The other day there was a Skink in my kitchen.
Skinks do not belong in the kitchen.
Yes, I admit that my house is disorganized with entirely too much stuff, but I have never described my mess as “Everything including the kitchen Skink“.
Well, I spent a few nights worrying like an overprotective skink-mother. Why were you worried? Because there are two dogs in the house and one of them (I won’t tell you that his name is Jack) tries to eat lizards even when they taste nasty. Eeeww!
The next day Jack and I were walking around in the yard. He likes to jump up onto the deck. Okay, the truth is that he is too short to make the leap; I actually have to lift him up there, but let’s keep his dignity intact and say he jumps up all by himself. He noses around for a minute or two hoping for a tasty morsel. Wood roaches are tasty. Then he makes a mad leap and dives headfirst into a 5-gallon plastic bucket. Whoa!!! It could be anything – a snake, a spider, an inch of water he could drown in. Doesn’t Jack read the warning on the side of the bucket?
No, Jack no. Please, just let me have a little look first.
Well, would you look at that!
Here, look for yourself –
Let me get in a little closer – here you go –
Isn’t that just the cutest Skink in the whole world. It’s kind of dark in the bucket; we need a closer look, please.
C’mon into the light Skink, show us your pretty blue tail…
Fun time is over. The Skink is developing an attitude and it’s time to turn it loose.
If there is a lesson to learn it is this:
If a Skink can find its way into your kitchen, it must also know how to let himself out so don’t lose any sleep worrying about it. Also, if you keep plastic buckets around to catch rainwater, check them not only for mosquitoes but for Skinks as well. Maybe you should write a tutorial showing how to make screen lids for 5-gallon buckets?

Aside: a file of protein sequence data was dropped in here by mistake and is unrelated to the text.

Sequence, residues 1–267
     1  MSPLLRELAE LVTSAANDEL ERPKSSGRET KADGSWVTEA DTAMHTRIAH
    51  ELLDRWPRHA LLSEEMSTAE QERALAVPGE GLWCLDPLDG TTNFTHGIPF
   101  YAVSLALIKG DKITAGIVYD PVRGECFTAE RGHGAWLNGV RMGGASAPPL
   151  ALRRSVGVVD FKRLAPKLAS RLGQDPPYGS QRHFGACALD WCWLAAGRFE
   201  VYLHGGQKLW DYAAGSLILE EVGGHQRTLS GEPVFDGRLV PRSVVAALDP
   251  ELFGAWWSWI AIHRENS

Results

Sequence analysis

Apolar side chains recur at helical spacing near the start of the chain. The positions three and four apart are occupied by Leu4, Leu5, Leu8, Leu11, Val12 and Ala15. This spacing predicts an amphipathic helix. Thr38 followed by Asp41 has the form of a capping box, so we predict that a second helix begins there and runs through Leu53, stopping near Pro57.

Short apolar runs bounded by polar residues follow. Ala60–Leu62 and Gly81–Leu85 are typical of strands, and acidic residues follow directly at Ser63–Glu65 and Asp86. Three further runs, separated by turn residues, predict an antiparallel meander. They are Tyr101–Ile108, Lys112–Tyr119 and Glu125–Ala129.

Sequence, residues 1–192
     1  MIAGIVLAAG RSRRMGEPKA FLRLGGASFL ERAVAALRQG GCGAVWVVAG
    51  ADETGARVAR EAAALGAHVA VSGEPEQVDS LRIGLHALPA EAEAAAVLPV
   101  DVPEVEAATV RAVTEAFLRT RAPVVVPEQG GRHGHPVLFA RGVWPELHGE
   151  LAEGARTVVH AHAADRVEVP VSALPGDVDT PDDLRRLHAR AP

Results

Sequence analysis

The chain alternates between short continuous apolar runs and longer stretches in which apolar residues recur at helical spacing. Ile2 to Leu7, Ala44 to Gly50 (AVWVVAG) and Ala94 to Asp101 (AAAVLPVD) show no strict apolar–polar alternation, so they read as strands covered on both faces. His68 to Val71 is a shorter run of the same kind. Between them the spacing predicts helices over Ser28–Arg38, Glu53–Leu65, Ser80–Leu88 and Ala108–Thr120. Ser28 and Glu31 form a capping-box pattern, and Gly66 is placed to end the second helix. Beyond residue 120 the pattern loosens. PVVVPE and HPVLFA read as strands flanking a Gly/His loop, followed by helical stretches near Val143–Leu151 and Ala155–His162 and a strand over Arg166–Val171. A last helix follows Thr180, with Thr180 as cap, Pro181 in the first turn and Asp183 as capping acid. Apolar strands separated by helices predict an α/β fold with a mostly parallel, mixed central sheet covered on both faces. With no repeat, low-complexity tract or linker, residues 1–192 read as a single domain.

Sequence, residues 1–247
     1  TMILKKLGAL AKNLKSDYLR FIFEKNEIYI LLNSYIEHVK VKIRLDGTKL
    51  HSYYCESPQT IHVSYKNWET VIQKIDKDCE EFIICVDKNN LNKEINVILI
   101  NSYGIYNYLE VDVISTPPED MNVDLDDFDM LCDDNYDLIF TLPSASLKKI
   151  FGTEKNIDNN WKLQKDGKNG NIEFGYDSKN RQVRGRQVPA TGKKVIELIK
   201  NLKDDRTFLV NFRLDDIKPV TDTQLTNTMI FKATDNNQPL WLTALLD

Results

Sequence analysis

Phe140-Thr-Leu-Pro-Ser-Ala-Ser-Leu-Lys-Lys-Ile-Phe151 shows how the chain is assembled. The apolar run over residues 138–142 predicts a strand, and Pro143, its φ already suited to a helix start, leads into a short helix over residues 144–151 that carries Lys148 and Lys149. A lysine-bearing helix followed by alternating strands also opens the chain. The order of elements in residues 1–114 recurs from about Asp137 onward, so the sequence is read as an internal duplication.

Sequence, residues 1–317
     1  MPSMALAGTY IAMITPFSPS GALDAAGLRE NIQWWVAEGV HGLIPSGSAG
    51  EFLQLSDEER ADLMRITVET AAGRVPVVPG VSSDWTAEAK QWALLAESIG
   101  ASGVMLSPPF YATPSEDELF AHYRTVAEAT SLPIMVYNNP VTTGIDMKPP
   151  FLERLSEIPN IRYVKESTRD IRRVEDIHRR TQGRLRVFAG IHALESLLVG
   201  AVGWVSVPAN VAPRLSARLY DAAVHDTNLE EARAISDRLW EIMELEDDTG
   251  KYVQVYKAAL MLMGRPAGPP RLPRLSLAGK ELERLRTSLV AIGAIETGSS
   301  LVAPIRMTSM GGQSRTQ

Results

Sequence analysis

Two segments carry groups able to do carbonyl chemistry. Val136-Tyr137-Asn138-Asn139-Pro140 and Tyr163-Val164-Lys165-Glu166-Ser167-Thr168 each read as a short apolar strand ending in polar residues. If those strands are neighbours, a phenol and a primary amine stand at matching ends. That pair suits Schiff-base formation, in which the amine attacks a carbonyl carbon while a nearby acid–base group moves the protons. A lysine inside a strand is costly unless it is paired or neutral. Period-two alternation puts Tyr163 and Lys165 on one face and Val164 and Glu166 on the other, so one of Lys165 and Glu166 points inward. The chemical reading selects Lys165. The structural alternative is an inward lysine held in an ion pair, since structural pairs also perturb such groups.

For more information about lizards with blue tails, check this link for Hilton Pond:
Eumeces fasciatus = Five-lined Skink
E. inexpectatus = Southeastern Five-lined Skink
Taxonomists are forever changing the name of things. Here is the Catalog of Life page for the Five-lined Skink with the currently accepted name Plestiodon fasciatus. Who knows? By the time you read this, the name could change again!
Plestiodon laticeips = Broadhead/Broad-Head Skink. Hmmm, apparently, using the V-shape marking on the head is not the proper way to identify a Skink. There are three types of Skink residing in my part of the world and when they are young, they can look alike, having stripes and a bright blue tail. A better way is to count the labial scales – I see 5 scales so I think that my Skink is an immature Broadhead Skink.
This link shows where the labial scales are located: